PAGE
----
What is Transplant Shock:
Well First of all it usually happens to newly transplanted shrubs and trees when they are dug from the ground.
Its almost unavoidable and its the plants way of reacting to being moved. It is generally caused by damage to the roots of the plant during the transplant. The most important roots, those that actually “do the work”, are located the farthest away from the plant. These tiny roots are covered by even tinier hairs which absorb most of the water that is eventually carried to the top-growth of the plant. Sadly, this is where the damage is mostly done. Either from cutting them so you don’t have so many roots or allowing them to dry out. The “tiny hair like roots” do not Like exposure to Air. The loss of these feeder roots, mean the plant is not able to draw the amount of moisture it requires to live and grow. Besides major effects on the roots, plants can also sense the smallest of changes like wind, sun light and temperature, It may take time to adjust to the new environment.
You can lessen the damage from transplanting by cutting a plant back to balance the top with the remaining roots.
Transplant shock has a way of appearing in others ways. It can cause strange development of leaves and stems. Leaves can produce and then quickly start browning along the edges or at the tips. Also transplant shock can mimic other troubles like insect damage or disease.
The best Way to Transplant:
Maas Nursery Almost always uses Container Grown Plants- The plants have been growing in a container or pot for at least one full growing season and winter. Most of our plants have been growing in containers all their lives These are the very best kinds of transplants, and are the least likely to experience transplant shock.
Here are some helpful hints for transferring plants into your garden
1. Check compatibility.
Most potted plants can survive in the ground, but only if the conditions are right. Look up your particular potted plant online to see what temperature range, sunlight and soil/water conditions it prefers.
2. Prepare the soil.
Our biggest challenge here is our clay soil. Things can drown.
If you don’t already have a flower bed prepared, and are digging up untilled soil, it is a good idea to mix in some compost or a bag of garden soil around the surface. You don’t want a big wide hole that can hold water until the plant drowns.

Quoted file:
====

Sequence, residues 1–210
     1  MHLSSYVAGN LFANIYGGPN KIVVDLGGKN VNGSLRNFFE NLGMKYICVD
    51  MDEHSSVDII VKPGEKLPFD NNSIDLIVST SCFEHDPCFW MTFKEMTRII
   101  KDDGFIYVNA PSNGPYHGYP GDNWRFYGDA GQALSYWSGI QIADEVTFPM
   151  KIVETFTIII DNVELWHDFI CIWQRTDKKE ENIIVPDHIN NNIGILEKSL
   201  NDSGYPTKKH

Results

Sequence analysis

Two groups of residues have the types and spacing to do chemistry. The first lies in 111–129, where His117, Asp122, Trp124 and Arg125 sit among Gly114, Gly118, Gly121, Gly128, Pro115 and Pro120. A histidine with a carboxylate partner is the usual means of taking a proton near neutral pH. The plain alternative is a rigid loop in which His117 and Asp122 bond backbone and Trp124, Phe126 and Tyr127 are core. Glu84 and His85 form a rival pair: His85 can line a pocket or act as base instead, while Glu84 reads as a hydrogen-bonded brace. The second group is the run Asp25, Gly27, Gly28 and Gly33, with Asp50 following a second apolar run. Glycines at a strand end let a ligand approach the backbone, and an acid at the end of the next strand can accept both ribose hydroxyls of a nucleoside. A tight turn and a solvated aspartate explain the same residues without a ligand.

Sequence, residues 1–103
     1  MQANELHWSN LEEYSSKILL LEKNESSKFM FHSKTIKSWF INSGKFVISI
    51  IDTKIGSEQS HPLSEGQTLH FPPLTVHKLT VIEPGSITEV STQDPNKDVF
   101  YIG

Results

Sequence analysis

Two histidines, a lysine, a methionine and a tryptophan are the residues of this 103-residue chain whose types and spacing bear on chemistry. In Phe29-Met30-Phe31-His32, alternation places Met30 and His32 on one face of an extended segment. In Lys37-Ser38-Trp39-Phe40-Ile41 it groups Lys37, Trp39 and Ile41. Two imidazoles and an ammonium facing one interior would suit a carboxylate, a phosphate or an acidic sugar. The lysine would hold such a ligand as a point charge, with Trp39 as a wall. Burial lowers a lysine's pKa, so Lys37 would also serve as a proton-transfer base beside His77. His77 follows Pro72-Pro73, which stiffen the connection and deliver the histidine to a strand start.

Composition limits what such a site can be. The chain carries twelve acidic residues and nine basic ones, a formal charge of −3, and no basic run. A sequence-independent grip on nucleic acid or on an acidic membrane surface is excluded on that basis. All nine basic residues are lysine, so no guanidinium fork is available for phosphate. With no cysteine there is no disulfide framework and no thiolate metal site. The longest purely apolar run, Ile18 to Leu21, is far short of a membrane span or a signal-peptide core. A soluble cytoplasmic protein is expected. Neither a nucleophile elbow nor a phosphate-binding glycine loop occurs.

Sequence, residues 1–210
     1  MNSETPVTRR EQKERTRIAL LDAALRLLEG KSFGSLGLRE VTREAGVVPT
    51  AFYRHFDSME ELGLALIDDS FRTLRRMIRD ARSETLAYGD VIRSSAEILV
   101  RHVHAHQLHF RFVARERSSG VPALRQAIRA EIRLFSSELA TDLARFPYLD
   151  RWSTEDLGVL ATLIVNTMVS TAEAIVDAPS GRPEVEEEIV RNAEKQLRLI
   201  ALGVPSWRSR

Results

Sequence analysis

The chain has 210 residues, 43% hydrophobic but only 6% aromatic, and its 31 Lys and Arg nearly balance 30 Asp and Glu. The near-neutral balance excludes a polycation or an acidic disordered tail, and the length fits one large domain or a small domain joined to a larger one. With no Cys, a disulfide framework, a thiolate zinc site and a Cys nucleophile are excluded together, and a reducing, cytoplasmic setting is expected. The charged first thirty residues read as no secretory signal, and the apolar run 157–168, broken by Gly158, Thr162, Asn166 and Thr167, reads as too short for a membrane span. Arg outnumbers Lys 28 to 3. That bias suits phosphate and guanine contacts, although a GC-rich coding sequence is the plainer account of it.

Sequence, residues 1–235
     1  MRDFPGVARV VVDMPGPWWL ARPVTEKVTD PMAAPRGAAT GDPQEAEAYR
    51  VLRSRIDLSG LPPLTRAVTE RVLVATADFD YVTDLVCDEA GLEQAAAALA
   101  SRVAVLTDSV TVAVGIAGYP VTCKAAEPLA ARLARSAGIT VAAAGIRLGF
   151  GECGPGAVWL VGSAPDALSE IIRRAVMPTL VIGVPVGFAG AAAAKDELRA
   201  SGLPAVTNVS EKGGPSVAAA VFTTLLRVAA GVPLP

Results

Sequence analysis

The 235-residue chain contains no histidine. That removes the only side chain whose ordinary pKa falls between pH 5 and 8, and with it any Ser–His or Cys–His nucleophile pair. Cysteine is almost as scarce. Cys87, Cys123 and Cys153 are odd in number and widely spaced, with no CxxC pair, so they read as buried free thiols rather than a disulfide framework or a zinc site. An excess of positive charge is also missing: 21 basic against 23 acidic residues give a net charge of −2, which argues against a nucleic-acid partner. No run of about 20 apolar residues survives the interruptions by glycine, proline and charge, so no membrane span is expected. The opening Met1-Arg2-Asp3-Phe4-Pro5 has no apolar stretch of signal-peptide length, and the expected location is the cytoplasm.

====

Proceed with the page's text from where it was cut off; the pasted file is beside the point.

3. Dig the hole.
You want to make sure the hole is dug so it fits the root ball tightly, and is a bit too shallow so the plant is sticking out of the ground a bit.
Fill around with new soil on the surface so the plant or tree is in a raised bed when you are done.
4. Carefully remove the plant from the pot.
To do this, place one hand around the base of the plant, on top of the potted soil. With your other hand, tip over the pot so that the plant and soil slide out together. You’ll likely need to tap the pot to loosen the soil from the edges. You generally don’t want to pull the plant out, especially from a larger pot, as it may rip out part of the root system, cutting off the pot works too.
5. Loosen the edge of the root ball.
If the plant has been in the pot for a long time, the roots will start to wrap around and match the shape of the container. You now want those roots to grow outward into the surrounding soil. So, gently tease out thetips of the roots using your fingers, a pencil or a toothpick.
6. Place the roots in the ground.
You don’t want to bury the plant itself, so if the hole is too deep, you can scoop a few handfuls of dirt in to provide a base. Then, carefully fill in loose dirt around the roots until the hole is filled, and pat the soil down to eliminate gaps. You don’t want to pack the soil too tightly, but it needs to be solid enough to support the plant and hold the roots in place. Remember, do not dig the hole too big.
7. Water and care for your plant.
When finished, thoroughly water the plant to help recover and get established in its new surroundings. Then follow the regular recommended care for your variety of flower.